Although the tester 100 has been successfully used to test many complex mixed-signal devices, we have recognized several shortcomings. In particular, there has arisen a need for testers that can test complex semiconductor devices that are sometimes called "systems-on-a-chip." These complex devices are generally high-speed, high-density, mixed-signal devices that require an even higher level of operator control and programming flexibility than can be achieved with the conventional tester configuration described above.

For example, in order to test complex devices like the systems-on-a-chip, it would be desirable to have a tester with more sequencers. This is because such devices generally have a greater number of nodes, and therefore a greater number of nodes operating at different data rates. By programming multiple sequencers to operate according to different test cycle times, the test engineer would be able to test multiple nodes operating at different data rates simultaneously. However, increasing the number of sequencers generally complicates the distribution of state information to the instruments.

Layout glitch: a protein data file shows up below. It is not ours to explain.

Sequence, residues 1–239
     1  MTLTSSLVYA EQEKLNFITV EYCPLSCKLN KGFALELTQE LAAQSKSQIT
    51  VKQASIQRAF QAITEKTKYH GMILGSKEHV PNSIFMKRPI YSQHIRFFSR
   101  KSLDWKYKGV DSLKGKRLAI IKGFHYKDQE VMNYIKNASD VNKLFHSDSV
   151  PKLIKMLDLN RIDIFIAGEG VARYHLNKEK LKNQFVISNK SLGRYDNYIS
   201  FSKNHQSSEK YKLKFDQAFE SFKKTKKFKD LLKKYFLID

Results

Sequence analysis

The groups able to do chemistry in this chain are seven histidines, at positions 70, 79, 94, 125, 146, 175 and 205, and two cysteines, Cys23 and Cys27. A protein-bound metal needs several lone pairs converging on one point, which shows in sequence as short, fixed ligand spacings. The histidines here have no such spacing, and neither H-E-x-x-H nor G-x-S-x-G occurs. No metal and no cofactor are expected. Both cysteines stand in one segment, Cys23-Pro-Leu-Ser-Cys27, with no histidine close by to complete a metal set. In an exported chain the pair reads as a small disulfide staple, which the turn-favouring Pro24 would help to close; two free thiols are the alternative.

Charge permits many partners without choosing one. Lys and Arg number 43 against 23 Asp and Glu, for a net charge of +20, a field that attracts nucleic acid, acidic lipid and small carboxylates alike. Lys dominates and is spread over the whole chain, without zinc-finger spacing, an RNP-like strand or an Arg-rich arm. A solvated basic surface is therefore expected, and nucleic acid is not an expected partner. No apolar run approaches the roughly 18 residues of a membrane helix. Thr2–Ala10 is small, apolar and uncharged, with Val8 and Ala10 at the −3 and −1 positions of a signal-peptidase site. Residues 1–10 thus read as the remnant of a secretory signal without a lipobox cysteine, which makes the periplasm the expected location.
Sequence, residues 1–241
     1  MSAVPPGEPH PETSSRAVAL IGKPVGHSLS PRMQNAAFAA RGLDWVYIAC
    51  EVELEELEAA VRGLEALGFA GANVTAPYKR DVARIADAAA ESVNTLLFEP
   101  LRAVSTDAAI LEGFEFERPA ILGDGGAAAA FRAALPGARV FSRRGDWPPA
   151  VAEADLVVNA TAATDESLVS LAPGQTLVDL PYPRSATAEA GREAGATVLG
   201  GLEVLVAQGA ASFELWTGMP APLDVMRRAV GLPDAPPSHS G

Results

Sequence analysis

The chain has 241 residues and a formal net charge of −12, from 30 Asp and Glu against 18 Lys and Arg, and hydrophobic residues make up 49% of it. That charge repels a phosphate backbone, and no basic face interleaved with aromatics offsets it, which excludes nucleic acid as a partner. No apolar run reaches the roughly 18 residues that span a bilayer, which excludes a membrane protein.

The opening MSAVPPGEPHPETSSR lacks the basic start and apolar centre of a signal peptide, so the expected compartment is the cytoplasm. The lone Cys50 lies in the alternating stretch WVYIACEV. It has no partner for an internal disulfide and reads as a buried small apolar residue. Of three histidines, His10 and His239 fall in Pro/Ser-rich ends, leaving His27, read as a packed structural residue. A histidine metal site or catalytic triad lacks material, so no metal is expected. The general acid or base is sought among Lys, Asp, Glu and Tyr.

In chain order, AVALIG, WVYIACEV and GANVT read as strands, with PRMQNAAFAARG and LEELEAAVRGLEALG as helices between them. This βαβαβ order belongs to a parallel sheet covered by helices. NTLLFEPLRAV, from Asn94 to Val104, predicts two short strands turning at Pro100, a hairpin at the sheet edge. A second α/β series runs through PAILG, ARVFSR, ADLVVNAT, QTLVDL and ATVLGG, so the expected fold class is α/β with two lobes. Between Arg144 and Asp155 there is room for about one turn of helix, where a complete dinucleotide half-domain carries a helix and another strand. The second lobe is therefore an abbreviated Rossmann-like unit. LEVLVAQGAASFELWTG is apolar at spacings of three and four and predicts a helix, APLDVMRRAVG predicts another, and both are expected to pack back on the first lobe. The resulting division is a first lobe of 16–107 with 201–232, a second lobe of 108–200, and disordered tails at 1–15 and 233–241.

As described above, the tester 100 includes a sequencer 102 that distributes state information to the instruments 106, 108, and 110 by way of a state bus 120. In a typical tester configuration, the instruments are arranged in several card cages, and the sequencer 102 is included on a board in one of the card cages. Further, the state bus 120 and the TC bus 122 are connected to the card cages in a daisy chain fashion.